09 May Fixing the Quad Dominant Squat
One of the most common conditions I treat is patellofemoral pain, which is just a fancy way of saying anterior knee pain around the patella. While a variety of factors can play into the development of patellofemoral pain, the majority of athletes I treat for these consistently show a quad dominant squatting pattern, where they preferentially use their quads to perform a lift over the hip muscles.
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I’ve previously written on how the push press can be a great tool for analyzing athletes for muted hip function. Performing a 20-rep max push press can provide quick insight into an athlete who loads the gluteals versus the quads. Fixing the Quad Dominant Squat
A similar pattern can be seen during a squat. Those demonstrating a quad dominant pattern will tend to push their knees forward either during the initiation of their squat or at times, those athletes can also be seen re-shooting their knees forward as they hit the sticking point in their squat.
While there is nothing wrong with strong quads, getting these athletes more effectively loading their hips while squatting (and all other movements) will make them stronger, more explosive, and overall more resilient.
It is important to note that breaking this habit is a long-term progression. The following three suggestions are a step in the right direction but fixing the quad-dominant squat will take lots of slow, tedious work.
Make sure the athlete starts with a neutral spine. While this may seem obvious as coaches always remind their athletes to keep their spine and pelvis neutral, athletes demonstrating an overextended spine with anterior pelvic tilt tend to have difficulty maximizing glute activation.
There are many drills and cues to do this from regressed floor exercises like the 90/90 breathing drill below to focus and cues during performance of the lifts.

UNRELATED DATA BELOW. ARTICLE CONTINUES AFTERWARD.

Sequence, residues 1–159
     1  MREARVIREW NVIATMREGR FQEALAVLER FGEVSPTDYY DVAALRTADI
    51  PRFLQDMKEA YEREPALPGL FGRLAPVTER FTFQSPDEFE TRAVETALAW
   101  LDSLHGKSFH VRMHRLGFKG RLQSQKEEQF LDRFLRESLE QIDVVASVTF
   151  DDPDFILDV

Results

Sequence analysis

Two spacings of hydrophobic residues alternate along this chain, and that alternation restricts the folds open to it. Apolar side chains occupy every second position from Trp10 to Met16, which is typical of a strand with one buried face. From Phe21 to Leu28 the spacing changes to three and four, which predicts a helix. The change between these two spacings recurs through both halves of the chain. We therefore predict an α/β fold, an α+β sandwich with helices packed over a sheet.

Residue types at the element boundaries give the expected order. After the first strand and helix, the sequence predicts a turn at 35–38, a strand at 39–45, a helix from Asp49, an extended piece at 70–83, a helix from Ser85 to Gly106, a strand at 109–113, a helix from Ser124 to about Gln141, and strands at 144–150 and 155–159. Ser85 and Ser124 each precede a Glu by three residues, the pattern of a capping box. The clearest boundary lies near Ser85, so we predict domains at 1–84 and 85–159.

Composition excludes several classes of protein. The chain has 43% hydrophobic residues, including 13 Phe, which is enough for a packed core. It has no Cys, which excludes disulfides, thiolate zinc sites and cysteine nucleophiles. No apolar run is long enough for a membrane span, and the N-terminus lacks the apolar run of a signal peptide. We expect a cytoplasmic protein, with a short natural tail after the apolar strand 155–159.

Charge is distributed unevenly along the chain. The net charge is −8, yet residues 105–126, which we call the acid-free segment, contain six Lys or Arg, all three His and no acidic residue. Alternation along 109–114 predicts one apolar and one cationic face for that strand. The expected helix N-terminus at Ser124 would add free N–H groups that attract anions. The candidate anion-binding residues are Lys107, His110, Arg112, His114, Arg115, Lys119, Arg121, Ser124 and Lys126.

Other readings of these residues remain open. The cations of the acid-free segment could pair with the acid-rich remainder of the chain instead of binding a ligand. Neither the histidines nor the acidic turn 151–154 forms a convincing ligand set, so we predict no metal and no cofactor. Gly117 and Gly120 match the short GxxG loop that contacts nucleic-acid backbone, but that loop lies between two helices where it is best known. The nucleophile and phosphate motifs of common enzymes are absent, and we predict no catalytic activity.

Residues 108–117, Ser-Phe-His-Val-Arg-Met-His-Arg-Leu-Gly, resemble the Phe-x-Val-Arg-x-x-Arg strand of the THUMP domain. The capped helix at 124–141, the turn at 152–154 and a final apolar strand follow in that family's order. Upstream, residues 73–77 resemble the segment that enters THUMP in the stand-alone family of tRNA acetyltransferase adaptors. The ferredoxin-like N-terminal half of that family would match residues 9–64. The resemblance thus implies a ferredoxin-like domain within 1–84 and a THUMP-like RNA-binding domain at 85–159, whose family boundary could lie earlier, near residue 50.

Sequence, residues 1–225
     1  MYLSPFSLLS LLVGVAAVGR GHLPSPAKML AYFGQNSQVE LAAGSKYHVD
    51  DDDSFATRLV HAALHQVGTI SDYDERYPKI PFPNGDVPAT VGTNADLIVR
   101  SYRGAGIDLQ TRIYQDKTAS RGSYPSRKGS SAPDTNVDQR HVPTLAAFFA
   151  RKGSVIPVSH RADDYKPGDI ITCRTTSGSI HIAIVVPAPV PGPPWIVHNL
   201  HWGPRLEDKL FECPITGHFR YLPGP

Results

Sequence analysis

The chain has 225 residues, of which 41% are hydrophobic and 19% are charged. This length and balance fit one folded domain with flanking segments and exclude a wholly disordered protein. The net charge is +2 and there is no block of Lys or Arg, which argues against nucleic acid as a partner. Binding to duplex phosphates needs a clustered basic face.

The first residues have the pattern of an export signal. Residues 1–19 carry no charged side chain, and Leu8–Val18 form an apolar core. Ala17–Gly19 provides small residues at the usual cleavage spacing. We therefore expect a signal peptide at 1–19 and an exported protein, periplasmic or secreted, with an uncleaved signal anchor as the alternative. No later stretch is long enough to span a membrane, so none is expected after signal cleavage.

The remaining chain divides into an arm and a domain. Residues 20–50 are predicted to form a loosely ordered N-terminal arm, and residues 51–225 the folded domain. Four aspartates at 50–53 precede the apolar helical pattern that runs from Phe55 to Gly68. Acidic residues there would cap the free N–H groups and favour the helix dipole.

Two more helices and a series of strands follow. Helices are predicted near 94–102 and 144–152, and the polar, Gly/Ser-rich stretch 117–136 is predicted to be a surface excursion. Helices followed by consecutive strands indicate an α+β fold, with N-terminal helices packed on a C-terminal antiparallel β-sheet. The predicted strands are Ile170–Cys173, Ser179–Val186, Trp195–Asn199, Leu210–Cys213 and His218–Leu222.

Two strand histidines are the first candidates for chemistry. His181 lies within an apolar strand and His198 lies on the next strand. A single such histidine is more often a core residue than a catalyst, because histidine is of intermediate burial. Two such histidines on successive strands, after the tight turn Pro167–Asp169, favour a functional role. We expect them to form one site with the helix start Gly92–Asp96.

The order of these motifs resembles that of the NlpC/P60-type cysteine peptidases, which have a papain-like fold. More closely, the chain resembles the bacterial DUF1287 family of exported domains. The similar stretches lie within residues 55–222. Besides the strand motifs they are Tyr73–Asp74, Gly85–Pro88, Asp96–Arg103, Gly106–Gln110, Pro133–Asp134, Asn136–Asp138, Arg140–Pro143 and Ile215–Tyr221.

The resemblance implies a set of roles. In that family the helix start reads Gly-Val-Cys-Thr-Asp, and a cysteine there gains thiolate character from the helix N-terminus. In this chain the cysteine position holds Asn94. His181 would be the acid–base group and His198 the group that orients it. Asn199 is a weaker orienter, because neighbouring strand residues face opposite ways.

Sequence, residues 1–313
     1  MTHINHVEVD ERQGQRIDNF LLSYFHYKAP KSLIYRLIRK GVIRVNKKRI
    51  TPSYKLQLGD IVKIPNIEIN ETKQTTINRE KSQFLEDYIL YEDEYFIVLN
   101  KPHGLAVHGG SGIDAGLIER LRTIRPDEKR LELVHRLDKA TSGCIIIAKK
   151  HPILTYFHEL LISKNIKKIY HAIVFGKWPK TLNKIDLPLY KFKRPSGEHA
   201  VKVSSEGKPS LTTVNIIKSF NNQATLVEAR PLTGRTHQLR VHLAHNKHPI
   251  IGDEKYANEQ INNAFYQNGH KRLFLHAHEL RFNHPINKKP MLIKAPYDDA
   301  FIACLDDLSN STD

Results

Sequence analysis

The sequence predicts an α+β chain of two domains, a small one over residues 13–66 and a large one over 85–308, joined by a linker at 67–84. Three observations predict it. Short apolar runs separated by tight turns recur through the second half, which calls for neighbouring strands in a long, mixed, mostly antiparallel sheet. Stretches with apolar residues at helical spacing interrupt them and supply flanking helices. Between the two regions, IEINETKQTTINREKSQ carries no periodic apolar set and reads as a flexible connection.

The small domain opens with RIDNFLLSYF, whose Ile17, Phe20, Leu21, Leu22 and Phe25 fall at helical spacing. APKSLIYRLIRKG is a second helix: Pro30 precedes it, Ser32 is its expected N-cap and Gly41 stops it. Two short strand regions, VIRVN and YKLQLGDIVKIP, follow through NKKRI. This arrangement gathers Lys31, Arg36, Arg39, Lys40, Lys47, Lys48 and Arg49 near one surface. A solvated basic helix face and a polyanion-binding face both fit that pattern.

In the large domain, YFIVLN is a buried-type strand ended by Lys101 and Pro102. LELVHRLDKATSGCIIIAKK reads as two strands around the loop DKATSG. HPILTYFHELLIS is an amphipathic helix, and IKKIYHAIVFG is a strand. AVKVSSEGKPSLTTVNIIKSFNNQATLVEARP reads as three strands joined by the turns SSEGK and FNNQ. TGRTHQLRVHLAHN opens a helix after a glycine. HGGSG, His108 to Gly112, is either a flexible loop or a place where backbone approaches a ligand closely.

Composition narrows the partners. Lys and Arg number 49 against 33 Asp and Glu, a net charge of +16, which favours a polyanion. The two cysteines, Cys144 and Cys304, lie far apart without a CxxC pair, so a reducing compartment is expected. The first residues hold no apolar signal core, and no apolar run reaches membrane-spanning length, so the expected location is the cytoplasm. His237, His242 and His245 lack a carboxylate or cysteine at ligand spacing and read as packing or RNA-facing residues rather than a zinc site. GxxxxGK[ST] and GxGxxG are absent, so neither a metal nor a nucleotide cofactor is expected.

Glute specific activation work should also be incorporated before each workout. Recent research has shown that isolating the glutes before working out improves the nervous system’s ability to recruit them during more “functional” tasks.
Again, there are a million different ways to do that but one of the most basic is a sidelying clam. I, however, don’t like the standard sidelying clam and prefer this foot on the wall variation which I find gets the glutes working quite well.
Movement Pattern Retraining is the final key to fixing the quad dominant squat, and it is also the hardest! This is where the months of steady work comes in! A variety of cues and drills will need to be employed here but one of my absolute favorites is eccentric isometric goblet squats.
By holding the weight in the goblet position, there is an anterior shift of the athlete’s center of mass. This allows the athlete to sit back and load the hips more. Combine that with the slow, methodical technique work of an eccentric isometric and you’ve got one killer movement pattern retraining drill!
To perform the eccentric isometric perform a 2-7 second negative with a 2-5 second pause in the bottom of the squat. Throughout the entire movement focus on maintaining a neutral spine, sitting back on the heels, and hitting perfect positions throughout the squat.
For more drills to improve your squat, check out “Master The Squat” available now!